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Instability of the Byzantine emperors

So a while back I went through the kings of England from William the Conqueror on down, to see how well the principle of hereditary succession worked to keep things stable and predictable. Answer: not very well at all, until Parliament took over and drained the Crown of real power. As with the "emperors" of Japan, no one bothers stealing a ceremonial office. I will grant though they managed to keep it in the extended family: all the kings are descended from William, and after a couple generations they're all from Alfred the Great, too.

I'd wondered how other other places would stack up. Happily for me, for the Eastern Roman Empire someone has already done most of the work. Definitely not in the family here: a quick eyeball shows most dynasties lasting either a few years or about 80 years, almost on the dot. The Macedonian is an exception, listed at 200 years... though that's kind of an artifact of decision making. 50 years in we get Romanos I: "After becoming the emperor's father-in-law, he successively assumed higher offices until he crowned himself senior emperor." OTOH, he was overthrown and succeeded by the sons of his predecessor, so I guess he's more hiccup in the succession. We get another such hiccup with Nikephoros II and nephew.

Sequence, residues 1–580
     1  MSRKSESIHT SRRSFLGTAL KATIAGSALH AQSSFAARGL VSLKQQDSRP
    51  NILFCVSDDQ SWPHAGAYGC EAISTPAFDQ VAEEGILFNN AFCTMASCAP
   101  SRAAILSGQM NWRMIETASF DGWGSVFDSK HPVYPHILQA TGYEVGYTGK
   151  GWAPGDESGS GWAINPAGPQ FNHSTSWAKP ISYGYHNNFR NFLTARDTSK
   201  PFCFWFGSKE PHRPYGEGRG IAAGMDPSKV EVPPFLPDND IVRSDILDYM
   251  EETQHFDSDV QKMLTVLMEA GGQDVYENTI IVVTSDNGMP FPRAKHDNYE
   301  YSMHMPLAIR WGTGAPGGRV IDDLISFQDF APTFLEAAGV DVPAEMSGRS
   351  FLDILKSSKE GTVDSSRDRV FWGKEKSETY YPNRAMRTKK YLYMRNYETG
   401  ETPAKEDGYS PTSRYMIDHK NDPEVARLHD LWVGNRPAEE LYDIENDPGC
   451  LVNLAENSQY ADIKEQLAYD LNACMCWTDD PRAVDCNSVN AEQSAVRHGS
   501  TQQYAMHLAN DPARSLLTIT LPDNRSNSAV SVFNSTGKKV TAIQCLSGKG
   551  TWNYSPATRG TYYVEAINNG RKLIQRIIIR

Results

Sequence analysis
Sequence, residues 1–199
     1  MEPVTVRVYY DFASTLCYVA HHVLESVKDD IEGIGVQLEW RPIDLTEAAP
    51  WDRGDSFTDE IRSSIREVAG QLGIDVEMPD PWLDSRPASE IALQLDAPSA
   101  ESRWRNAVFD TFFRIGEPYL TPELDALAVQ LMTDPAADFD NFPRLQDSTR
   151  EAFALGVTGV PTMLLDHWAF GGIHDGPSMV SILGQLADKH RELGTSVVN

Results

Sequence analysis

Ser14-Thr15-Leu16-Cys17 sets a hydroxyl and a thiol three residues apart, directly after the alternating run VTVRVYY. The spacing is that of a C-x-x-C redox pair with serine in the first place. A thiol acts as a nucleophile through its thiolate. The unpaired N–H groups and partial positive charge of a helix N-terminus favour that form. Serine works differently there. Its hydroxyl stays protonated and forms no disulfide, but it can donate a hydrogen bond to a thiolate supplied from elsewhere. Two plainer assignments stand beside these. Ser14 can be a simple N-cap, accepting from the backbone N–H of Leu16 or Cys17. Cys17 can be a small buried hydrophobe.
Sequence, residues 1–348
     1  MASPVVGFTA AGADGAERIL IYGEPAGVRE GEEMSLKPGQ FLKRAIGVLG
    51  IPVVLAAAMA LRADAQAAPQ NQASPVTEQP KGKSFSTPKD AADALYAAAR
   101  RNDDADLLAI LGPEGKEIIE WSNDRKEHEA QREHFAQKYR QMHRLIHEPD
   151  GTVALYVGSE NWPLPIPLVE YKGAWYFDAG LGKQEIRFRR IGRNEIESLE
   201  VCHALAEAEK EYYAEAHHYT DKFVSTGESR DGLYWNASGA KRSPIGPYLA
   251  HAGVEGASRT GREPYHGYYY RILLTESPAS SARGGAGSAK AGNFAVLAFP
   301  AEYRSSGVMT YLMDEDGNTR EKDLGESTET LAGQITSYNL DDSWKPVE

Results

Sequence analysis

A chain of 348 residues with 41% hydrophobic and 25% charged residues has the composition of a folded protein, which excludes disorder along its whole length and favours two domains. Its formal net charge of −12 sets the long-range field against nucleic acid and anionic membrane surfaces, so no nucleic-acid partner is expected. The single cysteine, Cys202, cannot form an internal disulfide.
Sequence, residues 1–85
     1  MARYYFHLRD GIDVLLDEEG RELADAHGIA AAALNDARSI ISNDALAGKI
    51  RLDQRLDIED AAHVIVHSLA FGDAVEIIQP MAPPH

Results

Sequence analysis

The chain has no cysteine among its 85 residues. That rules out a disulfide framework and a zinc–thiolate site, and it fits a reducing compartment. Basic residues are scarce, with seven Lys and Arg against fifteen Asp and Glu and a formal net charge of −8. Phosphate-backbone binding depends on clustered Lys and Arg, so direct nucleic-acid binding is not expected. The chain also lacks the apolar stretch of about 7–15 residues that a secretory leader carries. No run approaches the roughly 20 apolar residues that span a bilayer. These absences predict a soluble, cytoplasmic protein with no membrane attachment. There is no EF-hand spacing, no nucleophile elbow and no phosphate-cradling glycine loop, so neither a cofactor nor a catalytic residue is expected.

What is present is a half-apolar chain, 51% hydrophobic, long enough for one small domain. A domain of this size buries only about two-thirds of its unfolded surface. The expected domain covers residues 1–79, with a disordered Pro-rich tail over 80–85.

Even within dynasties, succession is often to a brother, nephew, son-in-law(!), or adopted son(!). The first two are traditional enough, the latter less so. Succession is often not peaceful, either.

One big difference from the 'real' Roman Empire: a fair number (relatively speaking) of women in power. Empresses-regnant Pulcheria, Irene, Zoe, and Theodora; also a fair number of regencies by mothers, or in one case, a sister.
Female regents mentioned: Sophia for her insane husband, Martina for her son, Irene for her son (whom she then usurped), Theodora (different) for her son, Zoe (different) for her son, Eudokia for her son, Maria for her son.

The Komnenids seem second longest, at 104 years... ooh no, third; the final dynasty, the Palaiologans, went 192 years, and their founder had blood or marriage connections to the two prior dynasties. But this is still including civil wars, usurpations in the family, and accessions of maternal relatives.

To be fair, I've read that hereditary succession was never an official principle of either Roman empire, it was just a default, whereas having the right magical blood was important to the English.

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Damien Sullivan

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